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September 15, 2021
I was thinking about success this morning. My thoughts were prompted by a podcast that was recommended to me by one of my Taekwon-do students, in which a successful Martial Arts business owner was talking about how she had made a success of her business. Obviously, I immediately compared the successes of her business with my own Martial Arts business, as they are directly comparable, or so I initially thought. I listened as she talked about how many thousands of students have walked through their door and how big their purpose built Martial Arts Centre is. I thought to myself, ‘wow! This woman really has made a success of her business!’ and I thought about how I have dreamed about having my own business premises for my Martial Arts School and how much I would love to be able to expand my team of instructors and thus max out the classes we are able to run. Her story was inspiring and it was just too easy for me to listen, to compare and to feel that what I had achieved was inferior to the accomplishments she was talking about…and then I re-centred my thoughts. I reminded myself that we really shouldn’t measure our own successes on the successes of others and there are many reasons for this.
I’m a competitive person and like to try to be one of the best at whatever I do. Of course, this never happens, but it is inbuilt in me to try. So, when I hear about a successful business, especially one in the same field as mine, I naturally want to be better, or at least as good! Because of this I have to remind myself that thinking in terms of not measuring our own successes on those of others is not a cop out, it’s essential.
One of the reasons why it is essential is that we all have in-built thoughts about what constitutes ‘success’ and these thoughts are shaped by numerous things, including our upbringing, social circles, circumstances and so on. If someone from a family who has never had someone go to university, goes to university – this will no doubt be a huge success in that family’s eyes. If someone goes to a university that isn’t Oxford or Cambridge from a family who has had successive members of that family go to Oxbridge, then going to another university may be seen as being less successful. Even within that family, one person may still feel it’s a success story, while another may not. It is impossible to quantify success, except on our own private terms. Yet despite this, I think that we try to. By comparing our own success with that of others, it feels as if we are presuming that success is measurable by one rule. Which of course, it isn’t. There are so many variables at play.
Why is it so hard to remember this when we compare our own successes to those of others and feel that somehow, we aren’t as good? Perhaps because we live in a society that is obsessed with the word ‘success’. Don’t get me wrong – I think it’s important to strive for success, but to strive for your own definition of it and not to get sucked into anything else.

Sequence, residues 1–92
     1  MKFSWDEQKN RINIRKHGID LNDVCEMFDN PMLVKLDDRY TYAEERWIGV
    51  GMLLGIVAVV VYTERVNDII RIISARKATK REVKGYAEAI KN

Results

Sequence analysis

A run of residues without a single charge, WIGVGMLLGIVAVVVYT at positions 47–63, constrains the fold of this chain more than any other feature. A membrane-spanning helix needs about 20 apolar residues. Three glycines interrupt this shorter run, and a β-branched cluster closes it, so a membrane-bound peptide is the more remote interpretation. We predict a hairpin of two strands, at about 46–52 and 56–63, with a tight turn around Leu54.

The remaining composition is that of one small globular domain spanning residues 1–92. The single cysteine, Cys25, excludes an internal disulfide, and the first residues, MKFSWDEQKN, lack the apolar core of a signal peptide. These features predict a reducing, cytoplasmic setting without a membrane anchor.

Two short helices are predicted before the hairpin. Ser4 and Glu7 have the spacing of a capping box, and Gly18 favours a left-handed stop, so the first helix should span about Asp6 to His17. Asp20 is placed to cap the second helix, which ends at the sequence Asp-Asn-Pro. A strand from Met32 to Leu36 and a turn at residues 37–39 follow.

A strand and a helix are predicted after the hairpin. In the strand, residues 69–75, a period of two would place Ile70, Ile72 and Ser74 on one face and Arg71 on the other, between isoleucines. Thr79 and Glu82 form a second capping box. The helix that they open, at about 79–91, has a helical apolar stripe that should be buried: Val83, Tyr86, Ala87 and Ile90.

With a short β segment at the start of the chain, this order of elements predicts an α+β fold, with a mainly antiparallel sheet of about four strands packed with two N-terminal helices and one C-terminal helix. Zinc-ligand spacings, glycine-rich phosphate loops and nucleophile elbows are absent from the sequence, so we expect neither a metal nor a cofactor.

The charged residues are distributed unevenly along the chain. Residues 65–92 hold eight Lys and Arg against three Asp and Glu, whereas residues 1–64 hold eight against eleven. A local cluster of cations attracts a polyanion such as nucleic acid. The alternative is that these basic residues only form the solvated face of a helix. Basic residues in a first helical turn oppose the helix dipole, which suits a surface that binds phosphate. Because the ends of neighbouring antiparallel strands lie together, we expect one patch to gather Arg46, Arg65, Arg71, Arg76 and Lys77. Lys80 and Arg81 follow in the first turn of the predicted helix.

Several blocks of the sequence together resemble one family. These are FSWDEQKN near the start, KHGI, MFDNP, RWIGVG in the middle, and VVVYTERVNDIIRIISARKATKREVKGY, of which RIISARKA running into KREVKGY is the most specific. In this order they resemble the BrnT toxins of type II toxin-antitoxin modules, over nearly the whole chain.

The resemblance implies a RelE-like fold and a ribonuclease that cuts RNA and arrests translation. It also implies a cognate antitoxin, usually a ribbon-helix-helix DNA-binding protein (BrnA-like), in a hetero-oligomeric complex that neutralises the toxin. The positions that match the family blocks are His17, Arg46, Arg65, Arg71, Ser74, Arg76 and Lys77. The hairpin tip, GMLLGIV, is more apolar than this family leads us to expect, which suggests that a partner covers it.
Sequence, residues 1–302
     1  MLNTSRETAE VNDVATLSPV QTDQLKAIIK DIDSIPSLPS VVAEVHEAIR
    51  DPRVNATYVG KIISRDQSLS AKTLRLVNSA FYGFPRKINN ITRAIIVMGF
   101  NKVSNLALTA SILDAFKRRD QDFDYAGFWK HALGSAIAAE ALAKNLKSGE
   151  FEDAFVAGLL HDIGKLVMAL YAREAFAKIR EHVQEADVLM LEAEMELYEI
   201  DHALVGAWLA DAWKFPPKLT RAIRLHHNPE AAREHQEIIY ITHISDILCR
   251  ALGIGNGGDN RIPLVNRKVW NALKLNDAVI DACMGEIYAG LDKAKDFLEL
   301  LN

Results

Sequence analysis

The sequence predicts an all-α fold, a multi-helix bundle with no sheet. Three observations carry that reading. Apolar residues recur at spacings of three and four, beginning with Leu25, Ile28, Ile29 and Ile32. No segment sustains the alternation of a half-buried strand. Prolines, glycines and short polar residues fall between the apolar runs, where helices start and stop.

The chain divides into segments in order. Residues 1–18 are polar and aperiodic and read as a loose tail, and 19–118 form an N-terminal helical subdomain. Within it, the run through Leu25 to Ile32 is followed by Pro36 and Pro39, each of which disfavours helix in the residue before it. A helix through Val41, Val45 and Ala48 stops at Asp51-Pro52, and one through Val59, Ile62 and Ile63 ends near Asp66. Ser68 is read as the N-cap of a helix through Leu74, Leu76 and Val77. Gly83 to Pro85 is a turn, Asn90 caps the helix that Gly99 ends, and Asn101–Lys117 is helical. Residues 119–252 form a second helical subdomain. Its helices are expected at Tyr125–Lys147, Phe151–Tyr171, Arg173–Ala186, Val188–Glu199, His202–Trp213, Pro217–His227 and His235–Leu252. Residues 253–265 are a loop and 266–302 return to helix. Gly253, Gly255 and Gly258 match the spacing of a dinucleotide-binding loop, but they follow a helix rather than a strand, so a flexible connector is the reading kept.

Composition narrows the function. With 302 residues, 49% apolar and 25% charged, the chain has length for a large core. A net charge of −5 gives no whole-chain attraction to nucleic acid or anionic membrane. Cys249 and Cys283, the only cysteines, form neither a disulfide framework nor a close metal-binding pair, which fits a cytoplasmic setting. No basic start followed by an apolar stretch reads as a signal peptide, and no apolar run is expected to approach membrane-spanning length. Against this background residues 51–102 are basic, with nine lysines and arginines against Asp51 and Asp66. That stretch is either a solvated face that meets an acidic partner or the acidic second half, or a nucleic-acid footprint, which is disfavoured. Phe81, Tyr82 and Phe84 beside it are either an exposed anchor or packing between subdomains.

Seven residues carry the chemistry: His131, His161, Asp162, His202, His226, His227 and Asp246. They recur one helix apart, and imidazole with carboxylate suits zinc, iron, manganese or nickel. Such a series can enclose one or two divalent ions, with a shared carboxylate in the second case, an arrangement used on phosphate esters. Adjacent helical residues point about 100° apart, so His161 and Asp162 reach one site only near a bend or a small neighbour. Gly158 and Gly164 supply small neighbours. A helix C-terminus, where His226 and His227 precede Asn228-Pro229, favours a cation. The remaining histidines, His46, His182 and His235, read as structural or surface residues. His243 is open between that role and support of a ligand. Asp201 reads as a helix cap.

During the Olympics in Tokyo, a TV presenter was publicly criticising all the athletes who won a bronze medal and celebrated their achievement. He went on (and on) about how a true elite sportsman or woman wouldn’t be satisfied with a bronze medal, they would only be happy with gold. A gold medal equals success, a bronze medal equals failure, as they failed to get gold. This presenter was using his own measure of success (in an area he has no experience in himself) and projecting onto the people who were doing all the work. His measure of success isn’t theirs. His idea of success is completely irrelevant to the competitors. Their measure of success is and should be, personal.
There is nothing wrong with aiming for the top award, but it has its flaws: personal limitations, factors on the day and so on and so of course bronze can be a success.
If we are to quantify success in any way, I think it should be done on happiness. I may get my own training centre and have thousands rather than hundreds of students coming through my door. I may be able to employ more instructors and expand my classes, but would I be any happier? It may be that I did all this and it brought more pressure, that I had less time to spend on my family and more responsibilities, financial and to others that weighed me down. Would I then feel as if I was succeeding? Would it feel like a success?
I will continue to learn from others – to listen to stories of their personal success and I will always be inspired by their achievements. However, I will try not to measure their success against my own. I will reflect on what I have achieved and what I want to achieve, because it’s personal.
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